6. Reason THREE that you are voting “yes” on 10a is…
  7. What are your greatest hopes for the 10a debate that will take place on the floor of your Presbytery?
  8. How would you respond to those that say that if we pass 10a individuals and congregations will leave the PC(USA)?
  9. What should the Presbyterian Church focus on after Amendment 10a passes?
  10. How does your understanding of Scripture frame your position on 10a?

I’m Sonnie Swenston. I’m a member and Clerk of Session of the First Presbyterian Church of Baldwin Park, California. I live in neighboring Covina.

My Twitter name is @HeySonnie. I have livetweeted a number of Presbyterian-related events, including #ga219 and #revjanie. On Facebook, I’m Sonnie Swenston-Forbes. I’m also on the board of That All May Freely Serve, serving as webspinner and as one of the social media coordinators for that group (Facebook, Twitter).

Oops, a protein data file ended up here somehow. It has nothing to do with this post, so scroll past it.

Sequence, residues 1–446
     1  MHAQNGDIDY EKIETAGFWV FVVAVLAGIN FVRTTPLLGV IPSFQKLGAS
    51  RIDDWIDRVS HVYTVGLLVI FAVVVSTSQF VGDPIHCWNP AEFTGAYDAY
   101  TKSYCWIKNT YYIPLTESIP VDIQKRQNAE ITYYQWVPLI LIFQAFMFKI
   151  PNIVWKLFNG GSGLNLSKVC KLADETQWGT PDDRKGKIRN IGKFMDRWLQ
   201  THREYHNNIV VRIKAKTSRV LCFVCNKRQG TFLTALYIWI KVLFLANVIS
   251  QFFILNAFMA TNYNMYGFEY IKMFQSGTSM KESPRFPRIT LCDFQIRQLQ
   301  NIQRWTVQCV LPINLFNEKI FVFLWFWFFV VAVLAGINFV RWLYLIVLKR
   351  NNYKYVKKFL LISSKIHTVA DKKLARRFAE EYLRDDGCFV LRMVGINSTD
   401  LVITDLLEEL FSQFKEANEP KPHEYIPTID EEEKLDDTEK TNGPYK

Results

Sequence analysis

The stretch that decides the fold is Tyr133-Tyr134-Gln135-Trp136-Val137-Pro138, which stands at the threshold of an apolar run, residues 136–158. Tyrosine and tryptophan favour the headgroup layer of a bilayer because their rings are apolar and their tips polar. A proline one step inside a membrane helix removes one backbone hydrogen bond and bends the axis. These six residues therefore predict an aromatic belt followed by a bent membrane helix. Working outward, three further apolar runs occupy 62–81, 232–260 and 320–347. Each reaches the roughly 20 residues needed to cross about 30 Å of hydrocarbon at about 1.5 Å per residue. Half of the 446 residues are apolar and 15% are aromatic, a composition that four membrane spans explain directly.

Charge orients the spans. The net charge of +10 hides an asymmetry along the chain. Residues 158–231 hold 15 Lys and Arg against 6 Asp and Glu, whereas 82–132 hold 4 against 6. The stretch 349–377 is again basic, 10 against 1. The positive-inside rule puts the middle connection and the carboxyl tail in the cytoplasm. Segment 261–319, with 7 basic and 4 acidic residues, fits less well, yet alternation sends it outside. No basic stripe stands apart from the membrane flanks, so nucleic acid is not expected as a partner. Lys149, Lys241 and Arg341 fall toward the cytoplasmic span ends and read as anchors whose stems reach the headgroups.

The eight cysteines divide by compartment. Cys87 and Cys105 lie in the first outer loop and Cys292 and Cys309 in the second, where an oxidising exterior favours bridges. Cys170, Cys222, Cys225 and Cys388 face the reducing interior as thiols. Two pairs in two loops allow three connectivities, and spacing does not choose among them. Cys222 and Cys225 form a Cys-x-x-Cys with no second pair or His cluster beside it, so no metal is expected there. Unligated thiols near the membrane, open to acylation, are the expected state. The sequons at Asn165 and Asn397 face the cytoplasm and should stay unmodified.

We are in the Presbytery of San Gabriel, and the Synod of Southern California and Hawaii. Our vote on Amendment 10-A is scheduled to take place on Tuesday, March 8, 2011.

The first reason I am voting yes on 10-A is that it is a return to historic Presbyterian values about ordination.

The second reason I am voting yes on 10-A is that it gives us an opportunity to set right something that has been so wrong about the church and ordination standards.

The third reason I am voting yes on 10-A is that so many who have been called by God to serve the church in ordained capacities will be able to do so.